DISCLAIMER: This was originally posted on Odyssey.
In order to dispel the stereotype that endangered languages are primitive and no longer have relevance, talented speakers (as well as non-speakers) have taken advantage of popular media in order to raise awareness that it is not the case. Media, such as music, film, and video games, have been used to show that endangered languages are adaptable to modern technology. While communication in these types of languages is important, media can help promulgate them.
Music is especially important when appealing to the younger generation. It would become relevant to young Irish people to hear Avicii’s “Wake Me Up” and Bastille’s “Pompeii” covered in their language, especially when the English language permeates their everyday lives. This medium reaches to the younger generations’ enjoyment as well as deep within their hearts.
Margaret Noodin, a professor at the University of Wisconsin-Milwaukee and a native Ojibwe speaker, wrote about collaborating with fellow Ojibwe-speakers–Howard Kimewon and Alphonse Pitawankwat–in translating lyrics from Metallica’s “Welcome Home (Sanitarium).” What started as a request from local high school students became a confrontation with problems of the Native American community, such as suicide, especially with lyrics such as “Welcome to where time stands still” and “I fear living on” (Bringing 128).
The emotional connection is what keeps the younger generation engaged. This generation also has interactive connection through video games. There is an independently released PC game that involves the speakers of Iñupiaq, a language indigenous to Alaska, being the voice actors. When the game was released, its very title provided an advertisement both to any young Iñupiaqs who want to connect with their identity as well as the broader consumers whose curiosity of Alaska Native culture might become inspired by the game. It was marketed as “Never Alone” along with the Iñupiaq translation “Kisima Ingitchuna.” There was also an attempt by the Luiseño tribe to revitalize their language via Nintendo DSi, by producing 150 copies of cartridges containing songs, vocabulary, and quizzes to the students.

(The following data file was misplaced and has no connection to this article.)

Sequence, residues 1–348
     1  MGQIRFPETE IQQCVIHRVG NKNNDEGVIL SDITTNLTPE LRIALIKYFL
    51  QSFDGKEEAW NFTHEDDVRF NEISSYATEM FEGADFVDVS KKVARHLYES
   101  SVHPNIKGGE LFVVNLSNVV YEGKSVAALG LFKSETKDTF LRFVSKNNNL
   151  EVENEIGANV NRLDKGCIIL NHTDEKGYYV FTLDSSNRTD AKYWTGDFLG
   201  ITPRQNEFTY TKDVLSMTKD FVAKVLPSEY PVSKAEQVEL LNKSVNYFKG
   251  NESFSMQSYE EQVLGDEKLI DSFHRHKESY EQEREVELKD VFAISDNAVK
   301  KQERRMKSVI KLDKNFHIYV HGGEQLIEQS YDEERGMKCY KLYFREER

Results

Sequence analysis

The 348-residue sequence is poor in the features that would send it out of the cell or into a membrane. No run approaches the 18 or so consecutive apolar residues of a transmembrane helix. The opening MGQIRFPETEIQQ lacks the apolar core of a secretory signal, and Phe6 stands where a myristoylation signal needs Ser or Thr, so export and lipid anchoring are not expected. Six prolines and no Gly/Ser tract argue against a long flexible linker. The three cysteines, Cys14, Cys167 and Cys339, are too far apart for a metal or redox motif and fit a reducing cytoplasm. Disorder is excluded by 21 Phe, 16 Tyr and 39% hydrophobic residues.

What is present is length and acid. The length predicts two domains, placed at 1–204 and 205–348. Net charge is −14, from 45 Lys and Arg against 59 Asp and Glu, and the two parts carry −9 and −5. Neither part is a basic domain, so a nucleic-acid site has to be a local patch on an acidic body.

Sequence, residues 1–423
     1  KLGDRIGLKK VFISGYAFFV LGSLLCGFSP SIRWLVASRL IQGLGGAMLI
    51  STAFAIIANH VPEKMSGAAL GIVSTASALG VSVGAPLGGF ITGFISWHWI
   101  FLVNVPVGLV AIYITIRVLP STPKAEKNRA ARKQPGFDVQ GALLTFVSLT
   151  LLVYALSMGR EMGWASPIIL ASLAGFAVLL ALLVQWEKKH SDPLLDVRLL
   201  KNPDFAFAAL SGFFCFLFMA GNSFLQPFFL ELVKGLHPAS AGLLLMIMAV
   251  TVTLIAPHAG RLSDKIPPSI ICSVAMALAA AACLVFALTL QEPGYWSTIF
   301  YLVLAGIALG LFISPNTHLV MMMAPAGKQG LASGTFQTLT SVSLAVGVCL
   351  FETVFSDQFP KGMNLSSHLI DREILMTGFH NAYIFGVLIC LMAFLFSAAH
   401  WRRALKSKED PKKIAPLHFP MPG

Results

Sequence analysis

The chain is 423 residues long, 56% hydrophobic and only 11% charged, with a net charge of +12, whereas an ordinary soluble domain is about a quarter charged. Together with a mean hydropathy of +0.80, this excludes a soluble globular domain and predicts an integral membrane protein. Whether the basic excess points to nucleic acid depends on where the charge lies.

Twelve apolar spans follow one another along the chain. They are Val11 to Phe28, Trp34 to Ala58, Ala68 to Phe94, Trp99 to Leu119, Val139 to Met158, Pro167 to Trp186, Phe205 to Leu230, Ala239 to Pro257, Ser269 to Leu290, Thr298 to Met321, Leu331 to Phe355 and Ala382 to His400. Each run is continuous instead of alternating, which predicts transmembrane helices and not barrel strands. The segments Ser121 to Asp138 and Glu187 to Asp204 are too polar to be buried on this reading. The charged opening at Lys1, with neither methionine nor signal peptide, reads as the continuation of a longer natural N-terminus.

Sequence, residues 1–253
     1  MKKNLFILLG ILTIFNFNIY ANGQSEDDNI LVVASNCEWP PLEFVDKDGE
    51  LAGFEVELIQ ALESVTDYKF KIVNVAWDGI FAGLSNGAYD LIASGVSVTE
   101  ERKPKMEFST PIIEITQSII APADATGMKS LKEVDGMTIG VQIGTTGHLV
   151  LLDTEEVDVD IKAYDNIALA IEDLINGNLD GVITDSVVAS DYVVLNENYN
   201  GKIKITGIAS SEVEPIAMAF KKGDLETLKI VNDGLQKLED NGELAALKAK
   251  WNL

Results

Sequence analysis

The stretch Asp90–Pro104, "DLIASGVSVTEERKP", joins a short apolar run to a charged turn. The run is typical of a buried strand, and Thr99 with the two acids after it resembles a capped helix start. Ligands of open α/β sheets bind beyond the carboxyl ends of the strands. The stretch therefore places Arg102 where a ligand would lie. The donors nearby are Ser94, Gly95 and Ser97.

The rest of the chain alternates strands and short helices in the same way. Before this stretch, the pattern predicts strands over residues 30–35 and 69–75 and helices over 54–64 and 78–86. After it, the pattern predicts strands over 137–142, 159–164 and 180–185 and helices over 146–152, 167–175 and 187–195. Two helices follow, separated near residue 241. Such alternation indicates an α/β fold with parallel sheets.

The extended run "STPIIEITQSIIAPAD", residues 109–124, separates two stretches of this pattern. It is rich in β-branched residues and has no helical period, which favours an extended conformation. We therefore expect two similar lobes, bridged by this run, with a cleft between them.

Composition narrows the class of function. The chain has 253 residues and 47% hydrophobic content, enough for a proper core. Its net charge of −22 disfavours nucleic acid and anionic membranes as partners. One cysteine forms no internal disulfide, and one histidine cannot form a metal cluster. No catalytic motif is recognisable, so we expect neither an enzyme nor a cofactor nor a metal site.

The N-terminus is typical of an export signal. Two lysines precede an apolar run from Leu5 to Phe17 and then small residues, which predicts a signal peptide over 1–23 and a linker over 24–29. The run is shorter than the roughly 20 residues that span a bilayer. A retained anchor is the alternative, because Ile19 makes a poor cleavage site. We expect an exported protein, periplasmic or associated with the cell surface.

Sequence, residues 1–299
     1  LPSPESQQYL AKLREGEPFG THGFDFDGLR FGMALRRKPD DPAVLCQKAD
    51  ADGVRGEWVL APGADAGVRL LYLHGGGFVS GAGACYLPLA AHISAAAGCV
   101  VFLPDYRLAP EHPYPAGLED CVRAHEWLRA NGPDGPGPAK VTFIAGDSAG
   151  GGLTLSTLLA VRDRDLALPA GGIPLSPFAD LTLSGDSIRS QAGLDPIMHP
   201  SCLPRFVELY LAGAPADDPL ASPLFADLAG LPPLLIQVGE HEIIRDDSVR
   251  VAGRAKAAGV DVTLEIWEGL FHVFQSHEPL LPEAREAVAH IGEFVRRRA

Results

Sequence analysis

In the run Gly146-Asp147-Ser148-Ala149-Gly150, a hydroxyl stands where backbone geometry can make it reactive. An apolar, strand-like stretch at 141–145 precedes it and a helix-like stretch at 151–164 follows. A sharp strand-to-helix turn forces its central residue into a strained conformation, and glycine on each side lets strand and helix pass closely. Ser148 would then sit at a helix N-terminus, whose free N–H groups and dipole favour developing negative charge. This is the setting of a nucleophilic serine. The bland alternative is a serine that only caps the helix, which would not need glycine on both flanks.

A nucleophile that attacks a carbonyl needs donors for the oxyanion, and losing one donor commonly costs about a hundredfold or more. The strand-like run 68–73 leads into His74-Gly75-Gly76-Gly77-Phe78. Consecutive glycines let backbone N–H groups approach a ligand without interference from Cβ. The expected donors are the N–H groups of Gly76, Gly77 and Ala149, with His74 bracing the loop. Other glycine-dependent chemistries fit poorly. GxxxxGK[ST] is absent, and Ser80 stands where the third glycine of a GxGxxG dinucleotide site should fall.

While music and games appeal to the younger generation, film helps bring a language to a wide audience. It is also a medium which famous actors and directors will use as a language revitalization project. It would involve using the language within the dialogue in order to provide both verisimilitude and broadcasting. In an effort to make “The New World” more realistic, Director Terrence Malick hired linguist Blair Rudes to reconstruct the extinct language spoken by Pocahontas and her tribe, using as sources the original word-lists recorded by John Smith himself and from words from related Algonquin languages. After the film was released, Rudes handed the fruits of his research to the descendants of Pocahontas and worked with Helen Rountree, an expert in Virginia Algonquian tribes, in developing a Virginia Algonquian dictionary.
If popular media can propagate dominant languages, such as English and Spanish; then they would also be impactful if the endangered languages were to be used in the same media. What they offer is direct defiance towards years, if not centuries, of stigmatization and imperialism (both nationalistic and capitalistic.) While documentation of these languages is important, they are not meant to be confined into archives as dictionaries, field-notes, photographs, and sound recordings. Popular media is like the language-speaking workshops that Daryl Baldwin hosted to introduce new speakers of the Myaamia language, which he described them as “…not just about language, but about recovering pieces of your identity.”
To learn more, read “Bringing Out Languages Home: Language Revitalization for Families.”